Revealed: How foreign nations control probes on Scottish maritime casualties

A review of the arrangements has been called for amid fears of a lack of enforcement and protection in Scottish waters given overseas jurisdiction for foreign drillships and rigs serving the oil and gas industry and the growing offshore wind farm industry.

An incident that threatened a “disaster” near the Hunterston B nuclear power plant two years ago has raised local concerns, which have been cited by authorities in the Republic of the Marshall Islands – over 8,000 miles away. The probe came after the 748-foot drillship Valaris DS4, with eight crew members on board, broke from its mooring and began to drift without power amid high winds.

Locals told the Herald on Sunday at the time it was just a “miracle” that prevented what happened near the Hunterston B nuclear plant from being “an absolute disaster with multiple deaths”.

It turned out that authorities in the Republic of the Marshall Islands under investigation determined that it was an anchoring failure and made a list of recommendations without assigning blame or liability.

However, there were concerns that there was a lack of “comprehensive flag state regulations to ensure the safety” of laid-up ships in ports and ports.

They also found a lack of requirements for Marshall Islands-registered vessels to undergo inspections or other types of oversight to ensure they do not pose a safety risk.

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It found that there are no port regulations designed to ensure the safety of ships berthed in UK ports and ports.

It found that identifying and accounting for local conditions, including stronger-than-predicted winds, was “inadequate”.

Concerns were raised that there appeared to be no framework to ensure the findings of the investigation were enforced in the UK.

Further concerns have surfaced after it was revealed that an investigation into the mysterious disappearance of a worker in the North Sea was being conducted by authorities in Liberia over 5,000 miles away.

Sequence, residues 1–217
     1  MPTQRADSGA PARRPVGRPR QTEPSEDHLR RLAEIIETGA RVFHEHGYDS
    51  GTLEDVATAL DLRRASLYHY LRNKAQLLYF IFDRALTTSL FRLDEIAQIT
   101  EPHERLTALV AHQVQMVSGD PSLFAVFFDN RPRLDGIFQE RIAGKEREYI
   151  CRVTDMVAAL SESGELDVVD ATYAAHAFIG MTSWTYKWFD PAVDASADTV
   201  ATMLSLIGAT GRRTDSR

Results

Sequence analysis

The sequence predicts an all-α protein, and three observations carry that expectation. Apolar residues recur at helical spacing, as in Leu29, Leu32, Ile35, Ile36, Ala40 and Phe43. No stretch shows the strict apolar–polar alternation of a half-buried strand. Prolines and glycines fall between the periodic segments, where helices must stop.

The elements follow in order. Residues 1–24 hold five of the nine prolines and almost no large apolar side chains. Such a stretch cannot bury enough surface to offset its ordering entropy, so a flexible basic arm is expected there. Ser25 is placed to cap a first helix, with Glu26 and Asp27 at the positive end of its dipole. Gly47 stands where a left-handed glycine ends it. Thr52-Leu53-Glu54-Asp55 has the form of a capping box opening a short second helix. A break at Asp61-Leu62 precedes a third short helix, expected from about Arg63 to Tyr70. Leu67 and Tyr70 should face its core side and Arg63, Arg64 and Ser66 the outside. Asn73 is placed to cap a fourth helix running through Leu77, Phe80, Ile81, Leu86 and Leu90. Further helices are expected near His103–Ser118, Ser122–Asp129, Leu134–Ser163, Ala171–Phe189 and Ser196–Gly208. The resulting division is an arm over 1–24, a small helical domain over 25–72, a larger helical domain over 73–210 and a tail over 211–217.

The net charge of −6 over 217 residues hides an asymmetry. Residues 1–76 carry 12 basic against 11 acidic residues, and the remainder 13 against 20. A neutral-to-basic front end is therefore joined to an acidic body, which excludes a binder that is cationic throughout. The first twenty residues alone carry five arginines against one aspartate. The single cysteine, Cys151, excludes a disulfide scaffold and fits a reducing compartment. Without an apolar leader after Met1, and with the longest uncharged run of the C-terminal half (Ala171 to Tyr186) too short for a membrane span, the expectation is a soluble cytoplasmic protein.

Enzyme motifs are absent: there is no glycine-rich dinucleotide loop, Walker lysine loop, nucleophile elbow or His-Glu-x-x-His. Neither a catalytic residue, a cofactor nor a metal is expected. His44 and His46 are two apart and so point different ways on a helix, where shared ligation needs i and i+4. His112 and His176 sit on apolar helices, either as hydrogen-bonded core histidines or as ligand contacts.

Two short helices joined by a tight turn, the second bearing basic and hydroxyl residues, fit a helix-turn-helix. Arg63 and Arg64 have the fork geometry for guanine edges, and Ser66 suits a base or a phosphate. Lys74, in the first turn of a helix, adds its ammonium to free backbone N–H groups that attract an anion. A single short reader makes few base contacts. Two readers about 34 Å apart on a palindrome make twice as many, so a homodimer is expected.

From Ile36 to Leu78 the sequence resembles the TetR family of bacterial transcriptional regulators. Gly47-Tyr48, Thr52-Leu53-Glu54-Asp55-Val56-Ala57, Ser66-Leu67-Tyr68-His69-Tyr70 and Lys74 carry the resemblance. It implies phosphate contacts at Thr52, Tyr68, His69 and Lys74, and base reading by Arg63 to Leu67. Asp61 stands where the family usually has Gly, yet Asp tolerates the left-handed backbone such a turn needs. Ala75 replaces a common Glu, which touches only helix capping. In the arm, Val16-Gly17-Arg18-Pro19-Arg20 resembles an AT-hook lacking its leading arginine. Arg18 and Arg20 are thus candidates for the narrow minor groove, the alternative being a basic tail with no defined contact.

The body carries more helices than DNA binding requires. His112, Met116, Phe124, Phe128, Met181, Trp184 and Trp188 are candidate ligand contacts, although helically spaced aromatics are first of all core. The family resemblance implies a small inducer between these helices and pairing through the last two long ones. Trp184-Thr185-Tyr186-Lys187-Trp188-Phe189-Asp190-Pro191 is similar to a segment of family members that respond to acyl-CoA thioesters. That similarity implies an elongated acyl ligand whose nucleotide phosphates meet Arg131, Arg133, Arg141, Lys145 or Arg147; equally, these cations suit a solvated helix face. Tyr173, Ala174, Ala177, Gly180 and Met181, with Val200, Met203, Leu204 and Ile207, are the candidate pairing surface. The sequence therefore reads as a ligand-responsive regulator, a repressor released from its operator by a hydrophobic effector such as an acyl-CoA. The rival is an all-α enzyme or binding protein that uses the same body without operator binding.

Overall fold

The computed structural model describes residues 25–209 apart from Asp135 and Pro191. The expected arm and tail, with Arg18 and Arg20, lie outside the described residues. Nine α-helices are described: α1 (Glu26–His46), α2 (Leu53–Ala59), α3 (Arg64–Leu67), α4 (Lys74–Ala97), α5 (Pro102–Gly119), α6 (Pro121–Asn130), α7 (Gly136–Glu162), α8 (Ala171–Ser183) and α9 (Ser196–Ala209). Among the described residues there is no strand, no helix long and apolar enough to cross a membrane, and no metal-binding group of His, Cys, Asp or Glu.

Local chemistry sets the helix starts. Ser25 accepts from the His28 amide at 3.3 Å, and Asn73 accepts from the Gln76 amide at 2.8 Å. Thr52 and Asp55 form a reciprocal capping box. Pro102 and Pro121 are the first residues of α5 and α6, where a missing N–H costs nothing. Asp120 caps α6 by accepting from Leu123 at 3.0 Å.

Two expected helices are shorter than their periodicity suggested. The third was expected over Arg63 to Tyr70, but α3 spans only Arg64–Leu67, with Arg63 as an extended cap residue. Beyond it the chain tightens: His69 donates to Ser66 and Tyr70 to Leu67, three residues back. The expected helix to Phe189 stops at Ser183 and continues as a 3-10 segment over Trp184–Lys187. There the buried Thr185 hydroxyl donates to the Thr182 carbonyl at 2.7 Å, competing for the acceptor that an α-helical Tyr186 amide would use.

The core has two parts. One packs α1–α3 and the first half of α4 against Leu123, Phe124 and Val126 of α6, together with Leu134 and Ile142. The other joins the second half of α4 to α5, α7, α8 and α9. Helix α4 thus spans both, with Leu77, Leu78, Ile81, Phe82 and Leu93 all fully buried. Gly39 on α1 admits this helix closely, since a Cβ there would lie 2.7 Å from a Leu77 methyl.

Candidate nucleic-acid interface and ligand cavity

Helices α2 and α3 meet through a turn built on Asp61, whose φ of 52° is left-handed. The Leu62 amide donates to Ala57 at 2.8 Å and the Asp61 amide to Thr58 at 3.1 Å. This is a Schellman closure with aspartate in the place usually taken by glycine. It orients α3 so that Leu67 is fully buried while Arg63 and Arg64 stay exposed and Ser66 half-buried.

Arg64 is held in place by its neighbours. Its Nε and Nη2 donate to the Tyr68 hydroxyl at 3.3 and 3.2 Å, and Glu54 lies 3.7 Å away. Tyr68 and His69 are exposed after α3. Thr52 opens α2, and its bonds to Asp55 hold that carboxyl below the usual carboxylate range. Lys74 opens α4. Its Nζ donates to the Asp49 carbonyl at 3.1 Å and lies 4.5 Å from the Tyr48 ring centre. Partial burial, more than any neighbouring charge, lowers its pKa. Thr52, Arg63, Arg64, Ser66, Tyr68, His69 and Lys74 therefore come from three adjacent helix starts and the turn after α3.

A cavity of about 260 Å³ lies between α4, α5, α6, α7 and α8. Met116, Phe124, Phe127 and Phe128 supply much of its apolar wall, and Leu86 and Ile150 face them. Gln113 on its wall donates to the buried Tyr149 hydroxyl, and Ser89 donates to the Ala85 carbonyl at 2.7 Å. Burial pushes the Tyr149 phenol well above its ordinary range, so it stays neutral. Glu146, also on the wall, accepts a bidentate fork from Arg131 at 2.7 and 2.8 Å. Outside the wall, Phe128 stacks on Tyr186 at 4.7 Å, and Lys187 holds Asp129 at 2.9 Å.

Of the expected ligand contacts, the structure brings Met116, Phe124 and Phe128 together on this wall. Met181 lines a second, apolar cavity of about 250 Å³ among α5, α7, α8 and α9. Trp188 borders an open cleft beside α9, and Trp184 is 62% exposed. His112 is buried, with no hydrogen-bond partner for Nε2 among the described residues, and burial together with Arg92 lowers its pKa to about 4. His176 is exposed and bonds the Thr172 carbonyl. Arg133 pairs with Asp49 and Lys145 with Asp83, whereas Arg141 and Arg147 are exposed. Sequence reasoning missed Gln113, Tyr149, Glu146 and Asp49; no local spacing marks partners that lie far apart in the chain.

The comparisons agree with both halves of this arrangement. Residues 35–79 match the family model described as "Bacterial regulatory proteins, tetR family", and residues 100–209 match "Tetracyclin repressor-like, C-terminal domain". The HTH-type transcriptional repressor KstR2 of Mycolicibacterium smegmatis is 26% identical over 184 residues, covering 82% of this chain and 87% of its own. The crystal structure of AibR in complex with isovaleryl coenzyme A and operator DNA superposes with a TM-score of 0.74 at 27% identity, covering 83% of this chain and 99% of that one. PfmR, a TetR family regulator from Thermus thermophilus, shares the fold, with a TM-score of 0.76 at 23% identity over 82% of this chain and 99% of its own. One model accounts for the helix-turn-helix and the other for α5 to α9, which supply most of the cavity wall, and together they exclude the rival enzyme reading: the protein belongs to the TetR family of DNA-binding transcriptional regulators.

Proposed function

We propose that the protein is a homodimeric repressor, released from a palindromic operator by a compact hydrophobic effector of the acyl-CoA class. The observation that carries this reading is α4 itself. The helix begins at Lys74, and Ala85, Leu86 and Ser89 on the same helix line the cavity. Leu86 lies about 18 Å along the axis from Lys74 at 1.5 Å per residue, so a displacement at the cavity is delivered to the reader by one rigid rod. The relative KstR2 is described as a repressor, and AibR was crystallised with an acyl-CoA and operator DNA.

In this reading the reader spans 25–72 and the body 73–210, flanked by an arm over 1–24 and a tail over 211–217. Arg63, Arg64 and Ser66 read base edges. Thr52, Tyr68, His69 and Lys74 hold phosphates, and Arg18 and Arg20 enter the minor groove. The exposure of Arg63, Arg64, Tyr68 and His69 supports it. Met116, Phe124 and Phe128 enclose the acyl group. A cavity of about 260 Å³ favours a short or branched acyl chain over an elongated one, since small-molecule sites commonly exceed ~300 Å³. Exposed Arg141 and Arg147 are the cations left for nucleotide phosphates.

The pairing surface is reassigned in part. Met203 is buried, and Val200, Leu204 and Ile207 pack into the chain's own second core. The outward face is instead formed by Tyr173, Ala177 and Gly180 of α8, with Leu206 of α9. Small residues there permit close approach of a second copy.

Jason Thomas, 50, from Wales, went missing around 9pm on January 22 while the Valaris 121 jack-up platform – used to service offshore wind turbines – was being towed some 98 miles east of Aberdeen.

The Health and Safety Executive stepped in after the National Union of Rail, Maritime and Transport Workers (RMT) raised concerns about a “vacuum of regulatory coverage”.

HSE, the Maritime and Coastguard Agency (MCA) and the Marine Accident Investigation Branch (MAIB) all previously said they would not launch any formal investigations.

The MAIB and MCA said they would not launch a formal investigation as the vessel was not registered in the UK and the incident occurred in international waters – beyond 12 nautical miles out to sea.

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Drillships are used to explore new oil and gas wells and have been repurposed for wind farms and other scientific investigations.

But the MCA, which is responsible for enforcing UK and international maritime law and security policy, admits it has no precedence in many investigations involving ships based abroad.

They say they will only be involved if the circumstances can be shown to be related to safety-related issues on board.